Host an Event Volunteer Join Tickets

Support the plant database you love!

Q. Who is Mr. Smarty Plants?

A: There are those who suspect Wildflower Center volunteers are the culpable and capable culprits. Yet, others think staff members play some, albeit small, role. You can torture us with your plant questions, but we will never reveal the Green Guru's secret identity.

Help us grow by giving to the Plant Database Fund or by becoming a member

Did you know you can access the Native Plant Information Network with your web-enabled smartphone?

Share

Ask Mr. Smarty Plants

Ask Mr. Smarty Plants is a free service provided by the staff and volunteers at the Lady Bird Johnson Wildflower Center.

Search Smarty Plants
See a list of all Smarty Plants questions

Please forgive us, but Mr. Smarty Plants has been overwhelmed by a flood of mail and must take a break for awhile to catch up. We hope to be accepting new questions again soon. Thank you!

Need help with plant identification, visit the plant identification page.

 
rate this answer
Not Yet Rated

Thursday - September 17, 2009

From: Seabrook, TX
Region: Southeast
Topic: Problem Plants, Groundcovers
Title: Aggressive Frogfruit
Answered by: Dean Garrett

QUESTION:

I have frogfruit voluntarily growing in my flower beds. I had intended to use it as a ground cover but am concerned that it is taking over. Will it kill (smother) my flowers that I have planted for butterflies, hummers etc?

ANSWER:

Mr. Smarty Plants can relate to your concern! I had the same problem in Central Texas in a native planting in which I left some frogfruit (Phyla nodiflora) already growing there to form a sort of background to the larger plants. With the spring rains, it started taking over and remained aggressive through the summer. It's pretty and is a favorite of many pollinators so I didn't want to eliminate it, but how to keep it from smothering other plants?

The Wasowskis' book Native Texas Plants: Landscaping Region by Region says that it doesn't like to be mowed, taking a long time to recover, so I cut mine back severely, hoping that it would have the same effect as mowing. I also removed colonies of it that were too close to easily-bullied plants. I probably reduced my population by half. Cutting and selective removal seemed to do the trick. The remaining plants still sent out runners, but not nearly as aggressively as before, and enough healthy frogfruit was left to continue to draw lots of small pollinators and provide a background carpet for the taller plants.

Since southeast Texas gets a lot more rain than central Texas, and frogfruit thrives on heavy moisture, what worked for me may not work for you. Your region also has two additional species of frogfruit that may respond differently than the single species we have here (Phyla fruticosa and Phyla lanceolata). If you'd like a low-growing native background plant that isn't quite as aggressive, you might try Straggler Daisy (Calyptocarpus vialis) and/or Carolina Ponyfoot (Dichondra carolinensis), both of whch you likely already have growing naturally nearby if you've got frogfruit. The former is still quite aggressive but less so than frogfruit, and the latter is very low-growing and unlikely to overwhelm anything. Both combine pleasingly with frogfruit.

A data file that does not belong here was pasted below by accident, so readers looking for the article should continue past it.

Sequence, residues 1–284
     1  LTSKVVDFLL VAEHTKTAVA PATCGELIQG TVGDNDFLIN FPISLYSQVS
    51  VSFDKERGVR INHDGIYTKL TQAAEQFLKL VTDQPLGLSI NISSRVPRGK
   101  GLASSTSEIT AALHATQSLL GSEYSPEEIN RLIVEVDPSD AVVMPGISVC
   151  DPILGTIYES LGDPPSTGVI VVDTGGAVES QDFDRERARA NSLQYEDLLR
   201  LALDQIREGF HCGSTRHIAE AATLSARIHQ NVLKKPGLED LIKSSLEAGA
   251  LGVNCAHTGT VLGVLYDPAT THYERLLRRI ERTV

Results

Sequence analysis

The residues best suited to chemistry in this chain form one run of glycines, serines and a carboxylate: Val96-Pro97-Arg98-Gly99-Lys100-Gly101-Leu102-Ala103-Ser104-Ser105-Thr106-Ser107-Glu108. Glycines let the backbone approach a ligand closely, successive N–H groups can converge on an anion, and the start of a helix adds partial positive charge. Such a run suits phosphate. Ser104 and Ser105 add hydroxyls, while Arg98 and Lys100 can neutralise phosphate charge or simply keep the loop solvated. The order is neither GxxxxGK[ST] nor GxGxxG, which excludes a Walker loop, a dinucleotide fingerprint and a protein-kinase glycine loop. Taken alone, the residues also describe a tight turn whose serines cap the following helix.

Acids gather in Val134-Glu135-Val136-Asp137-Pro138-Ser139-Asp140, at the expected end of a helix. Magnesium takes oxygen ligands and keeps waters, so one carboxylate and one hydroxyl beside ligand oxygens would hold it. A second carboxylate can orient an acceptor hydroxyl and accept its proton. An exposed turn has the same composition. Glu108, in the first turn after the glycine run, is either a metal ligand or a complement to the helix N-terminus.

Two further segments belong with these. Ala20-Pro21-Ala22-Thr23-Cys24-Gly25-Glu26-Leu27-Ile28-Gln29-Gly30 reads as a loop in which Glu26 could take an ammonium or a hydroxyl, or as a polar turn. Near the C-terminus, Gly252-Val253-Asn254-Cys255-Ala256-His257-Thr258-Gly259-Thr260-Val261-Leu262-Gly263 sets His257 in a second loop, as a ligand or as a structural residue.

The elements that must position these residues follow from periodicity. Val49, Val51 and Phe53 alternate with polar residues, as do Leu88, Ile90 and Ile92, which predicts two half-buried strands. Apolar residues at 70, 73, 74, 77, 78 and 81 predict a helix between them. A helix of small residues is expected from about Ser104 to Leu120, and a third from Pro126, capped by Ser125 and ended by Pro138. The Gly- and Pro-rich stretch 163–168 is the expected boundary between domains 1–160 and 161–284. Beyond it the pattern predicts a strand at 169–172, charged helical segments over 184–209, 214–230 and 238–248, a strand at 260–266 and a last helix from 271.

Phyla nodiflora

Calyptocarpus vialis

Dichondra carolinensis

 

 

More Groundcovers Questions

Plants for difficult site in Jacksonville, TX
July 07, 2010 - East Texas (Cherokee County) red clay hillside, hard-packed, difficult to get to, 40' of it slopes 4' down in about 6'! Another 30' of it is flat. Between the hillside and the flat clay area is a...
view the full question and answer

Buffalo grass and other native grass for lawn in Central Texas
March 17, 2008 - Hi, I live in Cedar Park, TX - recently moved to into a newly built house. I wanted to put some native grass (like buffalo) in the back yard. - My back yard has slope (away from house) and front...
view the full question and answer

Non-invasive sun ground cover for Atlanta GA
June 29, 2011 - I would like to find a non-invasive ground cover for zone 7 (Atlanta, GA) in full sun. I had a bed of ivy with daylilies on a slight slope. I have pulled up the ivy but want something that is not as i...
view the full question and answer

Replacing non-native iceplant in El Cajon CA
June 11, 2010 - Help! We are clearing fungus dead iceplant on a massive steep bank. Should I avoid replacing it with more iceplant? Would myaporum prostrate be a better option? Fast growing, erosion resistant, zero m...
view the full question and answer

Strong groundcover for Southern California
March 28, 2012 - Need a strong ground cover. Hard time getting anything to grow. Full sun. Prefer some color. Low upkeep. The soil probably isn't great. It is a small hill within a planter.
view the full question and answer

Support the Wildflower Center by Donating Online or Becoming a Member today.